Lenovo’s ultimate ultrabook for the business is here. Or shall we say – the next one? It is the 7th generation ThinkPad X1 Carbon on the market, and it looks more stunning than ever. The manufacturer has shaved a couple of grams out of it and the laptop is also a tad thinner than before.

Of course, there are no fancy innovations, like on the ZenBook 14 UX434, but more of a neutral, industrial design, familiar for the ThinkPad lineup. You will find this device with the 8th Gen Whiskey Lake processors from Intel, and in some regions, the laptop is even offered with the 10th Gen ULV processors. Additionally, Lenovo promises an 18-hour battery life and offers you options for a Full HD, Quad HD, and Ultra HD panels.

So, on paper (as most of the laptops in this price range), the ThinkPad X1 Carbon 7th Gen looks great. However, we would make sure we are going to nitpick every single issue, should there be any.

You can check the prices and configurations in our Specs System: https://laptopmedia.com/series/lenovo-thinkpad-x1-carbon-7th-gen-2019/


Specs Sheet

Lenovo ThinkPad X1 Carbon (7th Gen, 2019) – Specs


Windows 10 Pro, Windows 10


323 x 217 x 15 mm (12.72″ x 8.54″ x 0.59″)

Body material

Carbon, Magnesium alloy (Display cover – Carbon Fiber; Bottom – Magnesium Alloy)

Ports and connectivity

  • 2x USB Type-A 3.0 (3.1 Gen 1)
  • 2x USB Type-C 3.1 (3.1 Gen 2), Thunderbolt 3, Power Delivery (PD), DisplayPort
  • HDMI 1.4b
  • Wi-Fi 802.11ac
  • Bluetooth 5.0
  • Audio jack 3.5 mm combo
  • nano-SIM card slot
  • Docking Connector


  • Fingerprint reader
  • Web camera 720p HD
  • Backlit keyboard optional
  • Microphone
  • Speakers 2x 2W, Dolby Atmos
  • Optical drive
  • Security Lock slot

What’s in the box?

ThinkPad X1 Carbon’s packaging includes a 65W Type-C power brick, some paper manuals, and an Ethernet extension cable. Here is the place to say that Lenovo promises that this charger is going to fill the battery from dead to 80% in just an hour.

Design and construction

ThinkPad X1 Carbon 7th Gen has its body build-out of magnesium, while the lid cover is made from carbon fiber. This leaves the laptop extremely lightweight, making it perfect for handling around with its mere 1.10 kg. Additionally, the device has a height of 15 mm. While this is far from the 12 mm on the Ideapad 730S, it still feels thin enough.

Surprisingly, for a device with this weight, the laptop’s lid can be opened with a single hand. This is due to the well-balanced hinges. The lid is also very stable at the opened position, with the tiniest amounts of bounce when you shake the laptop. As expected from a ThinkPad at this price, there is an IR face recognition above the display, as well as a “ThinkShutter” for the camera.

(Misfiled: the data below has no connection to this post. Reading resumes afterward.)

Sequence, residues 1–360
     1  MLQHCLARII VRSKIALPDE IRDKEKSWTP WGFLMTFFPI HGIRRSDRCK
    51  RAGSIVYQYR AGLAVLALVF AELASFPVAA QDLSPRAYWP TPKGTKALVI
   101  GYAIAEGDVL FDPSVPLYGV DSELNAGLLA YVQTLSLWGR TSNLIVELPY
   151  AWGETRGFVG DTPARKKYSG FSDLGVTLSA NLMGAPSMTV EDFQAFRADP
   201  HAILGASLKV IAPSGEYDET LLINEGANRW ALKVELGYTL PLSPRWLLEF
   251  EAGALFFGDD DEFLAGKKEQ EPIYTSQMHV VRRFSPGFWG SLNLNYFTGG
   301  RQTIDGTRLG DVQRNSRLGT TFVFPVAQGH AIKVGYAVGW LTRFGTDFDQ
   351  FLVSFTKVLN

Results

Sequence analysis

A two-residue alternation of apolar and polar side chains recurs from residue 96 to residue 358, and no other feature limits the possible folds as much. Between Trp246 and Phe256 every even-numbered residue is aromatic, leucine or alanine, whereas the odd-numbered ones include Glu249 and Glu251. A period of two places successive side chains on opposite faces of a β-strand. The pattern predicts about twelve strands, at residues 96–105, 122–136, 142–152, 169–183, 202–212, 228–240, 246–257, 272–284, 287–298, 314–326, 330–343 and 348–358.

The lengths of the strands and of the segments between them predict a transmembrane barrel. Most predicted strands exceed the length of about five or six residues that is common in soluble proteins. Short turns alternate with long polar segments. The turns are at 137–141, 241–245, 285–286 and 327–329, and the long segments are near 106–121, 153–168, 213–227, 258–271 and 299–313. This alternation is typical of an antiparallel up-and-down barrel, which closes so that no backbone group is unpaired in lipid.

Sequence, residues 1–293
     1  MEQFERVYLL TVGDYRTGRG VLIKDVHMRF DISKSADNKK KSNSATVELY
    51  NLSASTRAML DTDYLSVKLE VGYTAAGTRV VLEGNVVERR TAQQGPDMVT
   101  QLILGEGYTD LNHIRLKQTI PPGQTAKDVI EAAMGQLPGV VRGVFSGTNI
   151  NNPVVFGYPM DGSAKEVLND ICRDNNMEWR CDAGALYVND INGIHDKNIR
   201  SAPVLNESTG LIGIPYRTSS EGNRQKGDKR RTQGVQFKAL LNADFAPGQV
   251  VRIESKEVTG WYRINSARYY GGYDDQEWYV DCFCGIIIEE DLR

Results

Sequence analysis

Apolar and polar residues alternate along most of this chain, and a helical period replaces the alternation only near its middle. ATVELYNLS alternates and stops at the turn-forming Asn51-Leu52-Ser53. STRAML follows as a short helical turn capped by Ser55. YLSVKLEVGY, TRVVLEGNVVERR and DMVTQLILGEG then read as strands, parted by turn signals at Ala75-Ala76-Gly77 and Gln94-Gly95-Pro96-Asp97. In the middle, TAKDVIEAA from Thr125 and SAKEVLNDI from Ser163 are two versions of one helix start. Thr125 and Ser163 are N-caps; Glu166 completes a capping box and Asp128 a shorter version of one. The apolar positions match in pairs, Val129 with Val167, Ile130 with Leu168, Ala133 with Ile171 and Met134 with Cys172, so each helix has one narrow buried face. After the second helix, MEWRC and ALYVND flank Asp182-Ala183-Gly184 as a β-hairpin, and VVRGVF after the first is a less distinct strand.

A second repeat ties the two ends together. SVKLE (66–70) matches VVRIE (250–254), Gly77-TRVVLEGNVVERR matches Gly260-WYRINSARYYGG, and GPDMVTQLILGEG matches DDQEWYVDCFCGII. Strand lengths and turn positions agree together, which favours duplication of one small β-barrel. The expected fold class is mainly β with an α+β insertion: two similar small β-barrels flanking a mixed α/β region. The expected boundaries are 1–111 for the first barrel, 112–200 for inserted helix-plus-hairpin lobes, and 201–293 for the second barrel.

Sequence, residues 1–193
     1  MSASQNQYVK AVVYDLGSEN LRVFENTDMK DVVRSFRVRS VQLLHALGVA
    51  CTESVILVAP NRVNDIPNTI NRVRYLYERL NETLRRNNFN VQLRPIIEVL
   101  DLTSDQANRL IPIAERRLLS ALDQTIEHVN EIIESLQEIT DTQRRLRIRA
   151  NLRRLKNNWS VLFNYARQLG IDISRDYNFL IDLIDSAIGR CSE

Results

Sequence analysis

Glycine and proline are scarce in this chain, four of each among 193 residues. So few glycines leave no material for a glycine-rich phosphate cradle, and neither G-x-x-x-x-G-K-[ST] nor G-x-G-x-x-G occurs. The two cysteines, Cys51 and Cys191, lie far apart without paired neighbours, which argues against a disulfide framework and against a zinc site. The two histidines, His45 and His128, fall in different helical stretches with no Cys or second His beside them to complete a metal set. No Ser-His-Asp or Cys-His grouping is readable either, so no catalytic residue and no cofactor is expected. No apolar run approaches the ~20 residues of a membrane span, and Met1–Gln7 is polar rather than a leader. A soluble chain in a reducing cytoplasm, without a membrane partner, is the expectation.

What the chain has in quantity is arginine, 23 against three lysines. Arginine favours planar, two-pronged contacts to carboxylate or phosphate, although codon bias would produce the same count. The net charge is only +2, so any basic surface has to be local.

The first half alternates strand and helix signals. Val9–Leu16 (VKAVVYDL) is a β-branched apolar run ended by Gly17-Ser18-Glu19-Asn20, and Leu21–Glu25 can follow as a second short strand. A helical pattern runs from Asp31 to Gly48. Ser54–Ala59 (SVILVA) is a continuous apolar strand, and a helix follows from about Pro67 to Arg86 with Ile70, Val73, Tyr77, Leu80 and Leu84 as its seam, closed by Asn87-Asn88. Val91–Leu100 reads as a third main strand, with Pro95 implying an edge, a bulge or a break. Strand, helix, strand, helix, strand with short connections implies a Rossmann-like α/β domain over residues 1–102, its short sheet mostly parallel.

At the base of the laptop, you are going to find two speakers, placed above the classical keyboard. Speaking of the keyboard, it has a decent key travel, well-sized keycaps, and clicky feedback. In addition to that, it has a backlight and (of course) the typical red nipple.

Traditionally, Lenovo has paired the nipple with three buttons, which are placed above the touchpad. We have to note that there is some flex to the laptop when you press above the keyboard. Nevertheless, we can forgive the manufacturer, as the lightweight chassis outweighs this issue… paradoxical isn’t it? Additionally, the surface of the base has a matte finish, which reduces the number of fingerprints that stick to it.

On the bottom panel, you are going to find the ventilation grills, as well as two more speakers for a total amount of four – not bad. Hot air, on the other hand, is exhausted from the right side of the machine.


Most of the I/O of this laptop can be found on its left side. There is the Thunderbolt 3 charging port, as well as another Thunderbolt 3 port, which can be used for docking purposes, an Ethernet extension connector, a USB Type-A 3.1 (Gen 1) port, an HDMI connector, and an Audio Jack. Then on the right, there is another USB Type-A 3.1 (Gen. 1) (Always on) port, partnered by the power on/off button. The latter is not the easiest to locate without looking, but at least it doesn’t take any space on the base of the device. Lastly, there is a WWAN SIM card slot on the back of the ThinkPad X1 Carbon.

Disassembly, upgrade options and maintenance

Lenovo has made getting inside this machine extremely easy. There are no fancy service lids, but you need to remove the entire bottom plate. However, there are only five Phillips-head screws that hold it in place. As it is one of the most common types of screws, the chances are high that you have an appropriate screwdriver lying around at your place. Moreover, the screws do stay attached to the panel when you unscrew them.

Its cooling comprises a pretty bulky heat pipe. It makes a U-turn around the fan of the laptop and then finishes at a heat spreader. While the laptop is a pretty thing, the bulky heat pipe should provide enough cooling capacity for the ULV processors, which you are going to find inside the notebook.

Sadly, but yet kind of expectedly, you won’t be able to upgrade the memory on this laptop. The only thing you have access to is the storage, which represents an M.2 PCIe x4 slot.

Its battery pack has a decent capacity for a 14-incher – 51Wh.

Display quality

Coming soon!


You can download all of the drivers and utilities for Lenovo ThinkPad X1 Carbon 7th Gen here: https://pcsupport.lenovo.com/us/en/products/laptops-and-netbooks/thinkpad-x-series-laptops/thinkpad-x1-carbon-7th-gen-type-20qd-20qe/downloads/driver-list